Virginia Colonial Paper Currency

In the last half of the eighteenth century the colonial government of Virginia was the last of the colonial governments to have recourse to paper currency. Paper money was not completely new to Virginia because tobacco notes, essentially warehouse receipts for stored tobacco, had circulated as money since early in the eighteenth century. Later, however, the Virginia colonial government issued fiat paper currency that was declared legal tender.
The circumstances that pushed Virginia to the paper currency brink were hardly rare in the history of paper money. Robert Carter Nicholas, a member of the House of Burgesses at the time but not a friend of paper money, explained the rationale as follows:

Money, the acknowledged Sinews of War was necessary, immediately necessary; Troops could not be levied and supported without it; of Gold and Silver, there Was indeed some, what Quantity I do not know, in the Hands of Individuals, but The Publick could not command it. Did there not result from hence a Necessity Of our having Recourse to a Paper Currency, as the only Resource from which we Could draw Relief?
(Brock, 1975)

The crisis that led to the issuance of paper currency was the encroachment of the French in what is now western Pennsylvania. After Major General George Washington returned from an expedition against the French and reported to the colonial governor about the military situation, the Virginia House of Burgesses in February 1754 authorized the treasurer to borrow 10,000 pounds at 6 percent interest. The treasurer reported back that there was no money to be had or borrowed. Metallic coinage, flowing out to Europe to pay for imports faster than it flowed in, was hard to come by in colonial Virginia.
At first the House of Burgesses balked at the issuance of paper money, but in May 1755 the Burgesses authorized the issuance of 20,000 pounds of legal-tender treasury notes for the use of General Edward Braddock. When Braddock’s expedition met with disaster shortly thereafter, the Burgesses authorized another 40,000 pounds. Further issues were made in 1756. The legal-tender status of these notes drew protests, at first ineffective, from British merchants not wanting to accept depreciated paper money in payment of debts.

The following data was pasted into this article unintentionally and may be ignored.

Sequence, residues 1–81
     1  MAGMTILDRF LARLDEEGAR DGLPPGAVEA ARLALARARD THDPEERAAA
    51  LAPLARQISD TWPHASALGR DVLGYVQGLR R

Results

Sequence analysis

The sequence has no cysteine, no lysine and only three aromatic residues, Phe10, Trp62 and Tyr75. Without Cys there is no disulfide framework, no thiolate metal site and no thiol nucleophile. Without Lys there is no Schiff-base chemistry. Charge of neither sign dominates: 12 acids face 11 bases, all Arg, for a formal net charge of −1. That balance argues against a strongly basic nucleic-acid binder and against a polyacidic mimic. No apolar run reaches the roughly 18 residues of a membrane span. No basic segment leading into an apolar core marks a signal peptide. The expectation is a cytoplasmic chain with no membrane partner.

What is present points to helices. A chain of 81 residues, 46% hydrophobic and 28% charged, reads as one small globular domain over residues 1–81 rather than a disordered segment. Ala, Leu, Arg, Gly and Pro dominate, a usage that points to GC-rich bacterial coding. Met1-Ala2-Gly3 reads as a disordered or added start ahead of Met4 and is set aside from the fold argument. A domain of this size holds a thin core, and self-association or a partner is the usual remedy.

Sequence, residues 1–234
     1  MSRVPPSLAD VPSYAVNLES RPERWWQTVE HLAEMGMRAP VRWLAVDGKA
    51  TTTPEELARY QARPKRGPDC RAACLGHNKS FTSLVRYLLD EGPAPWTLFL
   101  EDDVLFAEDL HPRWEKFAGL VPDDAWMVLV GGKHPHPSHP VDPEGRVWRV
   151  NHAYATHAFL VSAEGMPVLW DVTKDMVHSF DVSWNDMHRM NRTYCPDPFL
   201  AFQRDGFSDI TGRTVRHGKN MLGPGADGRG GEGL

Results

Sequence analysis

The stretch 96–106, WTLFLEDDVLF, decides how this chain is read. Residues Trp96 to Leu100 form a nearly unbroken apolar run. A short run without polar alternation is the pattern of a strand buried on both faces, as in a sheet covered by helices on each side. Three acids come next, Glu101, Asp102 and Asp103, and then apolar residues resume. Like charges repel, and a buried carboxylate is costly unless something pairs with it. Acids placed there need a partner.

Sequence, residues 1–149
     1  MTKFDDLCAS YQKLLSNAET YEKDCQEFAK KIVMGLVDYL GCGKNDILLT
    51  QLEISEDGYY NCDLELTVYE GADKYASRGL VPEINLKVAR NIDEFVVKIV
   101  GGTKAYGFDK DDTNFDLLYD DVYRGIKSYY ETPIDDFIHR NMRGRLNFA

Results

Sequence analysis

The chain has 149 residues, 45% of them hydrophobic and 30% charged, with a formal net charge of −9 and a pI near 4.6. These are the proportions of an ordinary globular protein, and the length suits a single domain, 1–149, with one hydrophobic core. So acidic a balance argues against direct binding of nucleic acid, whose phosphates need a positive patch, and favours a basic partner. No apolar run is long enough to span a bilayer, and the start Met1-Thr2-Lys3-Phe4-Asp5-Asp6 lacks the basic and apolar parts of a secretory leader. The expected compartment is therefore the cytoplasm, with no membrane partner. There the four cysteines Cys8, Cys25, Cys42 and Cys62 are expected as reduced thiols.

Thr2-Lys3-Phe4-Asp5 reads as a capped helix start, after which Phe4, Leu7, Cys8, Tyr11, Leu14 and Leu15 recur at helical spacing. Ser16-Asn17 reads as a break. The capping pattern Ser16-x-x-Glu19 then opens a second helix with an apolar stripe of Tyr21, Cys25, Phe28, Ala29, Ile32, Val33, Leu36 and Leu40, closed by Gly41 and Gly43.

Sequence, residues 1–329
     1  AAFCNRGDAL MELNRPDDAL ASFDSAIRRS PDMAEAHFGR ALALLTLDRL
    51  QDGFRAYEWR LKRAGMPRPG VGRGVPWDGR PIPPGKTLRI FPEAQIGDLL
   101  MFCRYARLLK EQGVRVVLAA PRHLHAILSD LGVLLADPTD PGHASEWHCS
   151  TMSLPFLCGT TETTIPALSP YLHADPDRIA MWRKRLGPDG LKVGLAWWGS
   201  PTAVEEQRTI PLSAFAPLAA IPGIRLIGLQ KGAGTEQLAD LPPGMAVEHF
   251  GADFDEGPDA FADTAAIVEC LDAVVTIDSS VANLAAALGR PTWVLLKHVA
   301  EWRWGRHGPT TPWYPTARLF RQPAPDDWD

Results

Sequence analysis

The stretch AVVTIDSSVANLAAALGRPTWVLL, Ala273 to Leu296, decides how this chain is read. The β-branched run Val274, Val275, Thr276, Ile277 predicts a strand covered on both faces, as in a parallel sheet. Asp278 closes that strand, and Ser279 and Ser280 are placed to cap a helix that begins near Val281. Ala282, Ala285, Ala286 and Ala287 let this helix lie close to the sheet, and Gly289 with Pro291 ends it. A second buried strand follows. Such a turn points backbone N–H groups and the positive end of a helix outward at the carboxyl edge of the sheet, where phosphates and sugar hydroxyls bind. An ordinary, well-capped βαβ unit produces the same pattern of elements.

In 1757 the Burgesses seized upon the idea of slashing government expenditures by exchanging interest-bearing treasury notes for noninterest-bearing notes. It voted to issue 100,000 pounds in noninterest-bearing notes to retire the interest-bearing notes still in circulation. To attract additional support for the idea of noninterest-bearing notes, the Burgesses authorized the issuance of an additional 80,000 pounds in noninterest-bearing notes to aid in the war effort. Although not paying interest, these notes were legal tender and were to be retired in the payment of taxes.
After 1762 the exchange rate between Virginia’s paper currency and the British pound began to rise significantly, meaning that more of Virginia’s paper currency was needed to buy British currency, usually about 40 percent more. Thus, 140 pounds of Virginia paper currency was needed to buy 100 British pounds. This currency depreciation forced British creditors to accept cheap paper, which was legal tender, in payment of debts owed by Virginia’s colonists. As Virginia’s paper currency was convertible into ever fewer British pounds, British merchants became more impatient with their losses. Parliament finally passed the Currency Act of 1764, which banned paper money as legal tender in private and public debts. The act applied only to the colonies south of New England because the Currency Act of 1751 had applied similar principles to New England. Virginia continued to issue paper money until the Constitution of the  United States put the authority to issue money with the federal government.

See also:

Brock, Leslie V. 1975 The Currency of the American Colonies: 1700–1764.
Ernst, Joseph Albert. 1973. Money and Politics in America, 1755–1775.